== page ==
The Official Journal
The North Carolina
Sociological Association: A
George H. Conklin,
Chien Ju Huang,
N.C. State University
Volume 1, Number 2
Special Issue on Poverty
and Its Consequences
Outline of Articles
- In Search of
the Null: The NCSA 2003 Presidential Address
by Beth Davison, NCSA President
publish articles where the results show statistically significant differences
between two groups of people. Results which show the opposite
are generally called 'negative findings,' and are not considered publishable.
Davison argues that we really ought to be looking for and encouraging
the null finding, especially when social inequality and poverty
are the issue. In addition, society as a whole should be working
to eliminate poverty and inequality.
- Power in North
Carolina Parents: Is There a Relationship Between Family Structure
and Adolescent Self-Efficacy?
by Angela Lewellyn Jones and Stephen
Jones and Jolly
publish here a null finding, namely that there is zero relationship between
family structure and adolescent self-efficacy. However, they do
find there is a negative relationship between self-efficacy and income.
Low income persons have higher levels of stress than those of higher
incomes. The good news in this study is that the correlation between
income and self-efficacy is weak.
of AFDC Recipients Towards Work
by Lyndelia Burch Wynn
Welfare reform was based
heavily on the notion that the poor simply did not have good work
values. In this study Wynn finds the null: that welfare recipients
have very positive attitudes towards work, but lack opportunities.
Poverty can be thought of as structural, for as long as jobs exist which
do not pay very well and do not provide medical benefits needed by many
people on AFDC, commitment to work alone does not pay the bills. The
issue is one of structure of the economy, since poor people do not have values
different from majority. (See also the book review below).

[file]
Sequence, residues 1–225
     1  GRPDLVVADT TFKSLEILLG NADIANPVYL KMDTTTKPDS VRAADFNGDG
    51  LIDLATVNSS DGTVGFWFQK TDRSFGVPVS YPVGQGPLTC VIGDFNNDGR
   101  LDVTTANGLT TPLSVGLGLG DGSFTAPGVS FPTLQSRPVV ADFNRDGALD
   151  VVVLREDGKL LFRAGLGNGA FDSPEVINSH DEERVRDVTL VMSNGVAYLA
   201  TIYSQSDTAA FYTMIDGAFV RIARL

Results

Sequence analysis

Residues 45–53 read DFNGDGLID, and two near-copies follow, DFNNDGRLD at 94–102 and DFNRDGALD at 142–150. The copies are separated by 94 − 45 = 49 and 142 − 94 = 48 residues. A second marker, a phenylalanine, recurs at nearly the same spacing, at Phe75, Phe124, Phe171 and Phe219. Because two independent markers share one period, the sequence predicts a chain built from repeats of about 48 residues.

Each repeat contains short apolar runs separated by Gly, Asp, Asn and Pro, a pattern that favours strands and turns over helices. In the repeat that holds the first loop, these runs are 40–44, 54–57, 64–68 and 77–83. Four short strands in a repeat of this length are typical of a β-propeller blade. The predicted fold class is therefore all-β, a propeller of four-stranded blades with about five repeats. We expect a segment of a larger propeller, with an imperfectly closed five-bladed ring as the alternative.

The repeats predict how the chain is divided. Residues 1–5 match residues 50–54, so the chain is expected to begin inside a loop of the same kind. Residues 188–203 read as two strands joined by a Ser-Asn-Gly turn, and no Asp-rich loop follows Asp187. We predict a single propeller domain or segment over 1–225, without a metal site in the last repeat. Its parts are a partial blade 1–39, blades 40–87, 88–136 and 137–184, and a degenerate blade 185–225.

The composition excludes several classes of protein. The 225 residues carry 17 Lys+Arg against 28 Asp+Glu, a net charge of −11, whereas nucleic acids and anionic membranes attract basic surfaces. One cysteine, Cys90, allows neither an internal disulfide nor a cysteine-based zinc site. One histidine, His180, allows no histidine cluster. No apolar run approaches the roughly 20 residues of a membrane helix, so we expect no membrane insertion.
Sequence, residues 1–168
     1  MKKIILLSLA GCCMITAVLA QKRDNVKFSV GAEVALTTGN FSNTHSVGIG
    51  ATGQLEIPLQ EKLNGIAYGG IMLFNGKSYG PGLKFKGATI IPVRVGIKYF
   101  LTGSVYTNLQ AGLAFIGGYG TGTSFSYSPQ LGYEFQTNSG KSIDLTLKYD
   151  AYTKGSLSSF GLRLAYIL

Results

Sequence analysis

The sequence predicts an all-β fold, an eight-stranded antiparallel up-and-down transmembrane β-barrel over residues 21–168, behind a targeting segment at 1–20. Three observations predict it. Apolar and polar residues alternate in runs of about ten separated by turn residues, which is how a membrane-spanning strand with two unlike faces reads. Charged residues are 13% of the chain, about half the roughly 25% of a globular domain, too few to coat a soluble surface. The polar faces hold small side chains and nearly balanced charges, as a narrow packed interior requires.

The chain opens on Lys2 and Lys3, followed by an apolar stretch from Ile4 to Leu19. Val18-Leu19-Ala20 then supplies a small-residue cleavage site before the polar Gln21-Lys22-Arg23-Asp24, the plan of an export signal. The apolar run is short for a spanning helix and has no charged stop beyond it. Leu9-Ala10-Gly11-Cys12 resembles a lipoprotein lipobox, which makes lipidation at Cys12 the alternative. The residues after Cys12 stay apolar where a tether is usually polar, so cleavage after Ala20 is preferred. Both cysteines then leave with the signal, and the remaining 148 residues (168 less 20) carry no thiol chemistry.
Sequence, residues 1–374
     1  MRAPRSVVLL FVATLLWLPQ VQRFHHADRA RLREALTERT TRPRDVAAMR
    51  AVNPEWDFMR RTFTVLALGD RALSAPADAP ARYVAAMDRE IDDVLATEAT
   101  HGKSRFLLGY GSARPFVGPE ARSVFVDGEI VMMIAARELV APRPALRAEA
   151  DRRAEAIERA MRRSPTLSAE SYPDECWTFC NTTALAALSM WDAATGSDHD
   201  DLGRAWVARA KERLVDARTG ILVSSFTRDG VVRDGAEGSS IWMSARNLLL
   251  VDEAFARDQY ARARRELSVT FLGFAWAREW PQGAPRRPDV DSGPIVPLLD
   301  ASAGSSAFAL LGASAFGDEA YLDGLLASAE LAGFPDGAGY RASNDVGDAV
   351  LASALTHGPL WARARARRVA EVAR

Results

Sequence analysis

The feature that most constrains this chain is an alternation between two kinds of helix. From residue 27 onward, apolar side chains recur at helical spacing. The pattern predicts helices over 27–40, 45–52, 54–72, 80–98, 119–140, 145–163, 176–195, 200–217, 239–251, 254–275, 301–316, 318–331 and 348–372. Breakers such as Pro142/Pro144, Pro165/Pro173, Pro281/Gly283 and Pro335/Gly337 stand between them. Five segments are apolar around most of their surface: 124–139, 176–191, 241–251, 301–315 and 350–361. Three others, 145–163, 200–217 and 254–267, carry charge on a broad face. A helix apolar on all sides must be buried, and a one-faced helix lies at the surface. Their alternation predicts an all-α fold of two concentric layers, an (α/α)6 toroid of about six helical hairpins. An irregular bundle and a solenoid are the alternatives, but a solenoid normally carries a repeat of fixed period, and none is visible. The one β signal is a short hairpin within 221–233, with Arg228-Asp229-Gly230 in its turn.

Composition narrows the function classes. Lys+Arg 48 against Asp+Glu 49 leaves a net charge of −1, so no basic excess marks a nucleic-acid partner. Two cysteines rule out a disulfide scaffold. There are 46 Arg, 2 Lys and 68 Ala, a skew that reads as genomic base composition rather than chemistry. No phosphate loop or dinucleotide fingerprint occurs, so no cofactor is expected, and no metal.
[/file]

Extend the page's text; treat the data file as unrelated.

in Space and Time: Its Persistence in the South
by Ronald C. Wimberley and Libby
Poverty in the United States
is not randomly distributed across the country in an even or fairly even
pattern. As mapped by the authors, places with the worst poverty levels
tend to cluster together in areas of persistent poverty. The authors
point out that welfare reforms, whether they work or not, will have important
implications for the South and Appalachia.
Land Loss and
Poverty in North Carolina: A Research Report Review
A review of a research report by Bob Edwards and Anthony Ladd
from an earlier Sociation posting, reprinted here.
Large hog farms in
North Carolina tend to be placed where opposition to them will be weakest.
The results, however, are quite complex and for the white population
farm loss is positively associated with rising incomes, suggesting once
again that farming is not a way out of poverty.
A Book Review
of Nickel and Dimed: On (Not) Getting by in America by Barbara
by M. Graham Spann
Ehrenreich points out from a
journalistic perspective how people who fill the low-paid jobs created
in the economy have to struggle to get by. Regardless of work values,
a low income means difficult choices have to be made. One can work
just as hard at an entry-level job as a highly-paid job. In fact,
the author thinks, work at the entry level may be the hardest society
has to offer.
Return to the Home Page of NCSA
©2003 North Carolina Sociological Association